We showed that the anti-apoptotic effects of AA, DHA, and Ac in egg extracts observed in this study were primarily due to their acidifying function. Other studies indicated that the artificial modifications of cytoplasmic pH changed the timing of maturation in Xenopus oocytes [20, 21]. Therefore, cytoplasmic pH is critical for various physiological events in Xenopus oocytes and eggs. In contrast, the antioxidant activity of AA did not show pro-survival roles in Xenopus egg extracts. Other reports using Xenopus egg extracts also failed to show the anti-apoptotic effects of reducing reagents such as reduced glutathione (GSH) and N-acetyl cysteine [9, 22]. Moreover, pretreatment of Xenopus oocytes with GSH-ethyl ester partially prevented sphingomyelinase-induced caspase-3 activation and oocyte death, but did not affect the spontaneous caspase-3 activation . These results indicate that increasing cytoplasmic antioxidant activity antagonizes artificial generation of reactive oxygen species, but does not prevent spontaneous apoptosis in this system. This may be because sufficient amounts of antioxidant activity are present and maintained in egg cytoplasm. Otherwise, antioxidant activity may be dispensable for the inhibition of spontaneous apoptosis in egg extracts. Rather, our data suggest that the oxidant activity of DHA can inhibit caspase activities directly in vitro. One possibility is that DHA generated by the oxidation of AA, rather than AA itself, may exert anti-apoptotic effects in cytoplasm. In the case of NF-κB signaling, AA quenches reactive oxygen whereas DHA inhibits IκBα kinases, and both reactions prevent NF-κB activation together . Further studies will be required to establish the unified mechanisms of cytoplasmic AA-DHA conversion and cellular survival.
In a number of reports suggesting the pro-survival roles of AA, the reagents are added to culture medium or administrated orally in cellular or animal experiments, respectively [1–8]. Intracellular uptake of AA requires the function of specific Na+-ascorbate co-transporter, and glucose transporters are necessary for the intracellular transport of DHA . Xenopus oocytes incorporate neither AA nor DHA significantly without exogenous expression of corresponding transporters . In our cellular assay, the presence of AA and DHA in the extracellular buffer did not improve the viability of Xenopus eggs (data not shown). It is not known whether mammalian oocytes and eggs express these transporters to transport AA and DHA into the cytoplasm. The pro-survival activity of AA in culture medium may be to prevent the oxidation of extracellular materials or medium components, and this extracellular effect may be specific to mammalian oocytes and eggs. In contrast, our study using cytoplasmic extracts is aimed to clarify the intracellular roles of AA and DHA. The metabolic and apoptotic pathways are evolutionarily conserved, and our study will complement the previous cellular studies to elucidate the physiological functions of AA for reproductive biology.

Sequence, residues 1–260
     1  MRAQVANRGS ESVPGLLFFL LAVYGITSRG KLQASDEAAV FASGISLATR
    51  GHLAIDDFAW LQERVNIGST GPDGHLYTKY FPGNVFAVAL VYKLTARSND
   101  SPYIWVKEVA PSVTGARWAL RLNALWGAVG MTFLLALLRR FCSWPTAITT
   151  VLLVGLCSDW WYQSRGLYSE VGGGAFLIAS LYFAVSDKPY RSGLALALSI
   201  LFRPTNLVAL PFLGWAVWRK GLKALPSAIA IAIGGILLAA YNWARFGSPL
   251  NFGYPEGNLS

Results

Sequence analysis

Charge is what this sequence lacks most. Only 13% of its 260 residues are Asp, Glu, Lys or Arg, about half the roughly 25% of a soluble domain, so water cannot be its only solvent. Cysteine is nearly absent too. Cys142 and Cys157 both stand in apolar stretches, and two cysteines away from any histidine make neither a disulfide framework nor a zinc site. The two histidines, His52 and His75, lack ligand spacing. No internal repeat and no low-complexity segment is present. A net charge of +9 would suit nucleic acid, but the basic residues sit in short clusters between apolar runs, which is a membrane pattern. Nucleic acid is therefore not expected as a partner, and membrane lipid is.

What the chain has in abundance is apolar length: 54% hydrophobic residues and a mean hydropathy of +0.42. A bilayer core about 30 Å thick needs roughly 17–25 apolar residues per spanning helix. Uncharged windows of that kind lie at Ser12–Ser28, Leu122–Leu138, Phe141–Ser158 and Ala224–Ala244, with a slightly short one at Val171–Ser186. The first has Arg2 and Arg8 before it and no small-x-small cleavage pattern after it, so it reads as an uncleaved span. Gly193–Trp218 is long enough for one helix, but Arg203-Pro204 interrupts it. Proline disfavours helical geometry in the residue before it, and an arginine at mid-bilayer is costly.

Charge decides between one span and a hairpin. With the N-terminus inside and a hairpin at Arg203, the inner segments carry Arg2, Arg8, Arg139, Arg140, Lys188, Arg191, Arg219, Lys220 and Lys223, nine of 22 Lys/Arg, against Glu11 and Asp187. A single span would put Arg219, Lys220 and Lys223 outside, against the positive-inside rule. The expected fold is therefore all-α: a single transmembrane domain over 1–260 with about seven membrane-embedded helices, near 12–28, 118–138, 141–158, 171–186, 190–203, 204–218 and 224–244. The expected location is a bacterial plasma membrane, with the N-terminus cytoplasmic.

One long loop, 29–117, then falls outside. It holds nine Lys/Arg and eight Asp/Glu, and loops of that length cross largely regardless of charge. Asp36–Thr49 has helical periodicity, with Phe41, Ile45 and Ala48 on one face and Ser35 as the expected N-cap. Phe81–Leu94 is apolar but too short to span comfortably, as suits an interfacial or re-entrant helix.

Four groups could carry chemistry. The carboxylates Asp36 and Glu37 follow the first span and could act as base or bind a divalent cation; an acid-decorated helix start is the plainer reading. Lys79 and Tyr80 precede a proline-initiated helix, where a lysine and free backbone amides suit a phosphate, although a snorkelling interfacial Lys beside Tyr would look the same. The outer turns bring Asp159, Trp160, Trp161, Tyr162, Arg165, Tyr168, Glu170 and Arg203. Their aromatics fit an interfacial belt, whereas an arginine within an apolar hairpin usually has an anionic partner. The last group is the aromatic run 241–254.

We thank the members of our laboratories for discussion. This study was supported by Project Research Grant 18-10 from Toho University School of Medicine and in part by Grants-in Aid from the Ministry of Education, Culture, Sports, Science and Technology, Japan.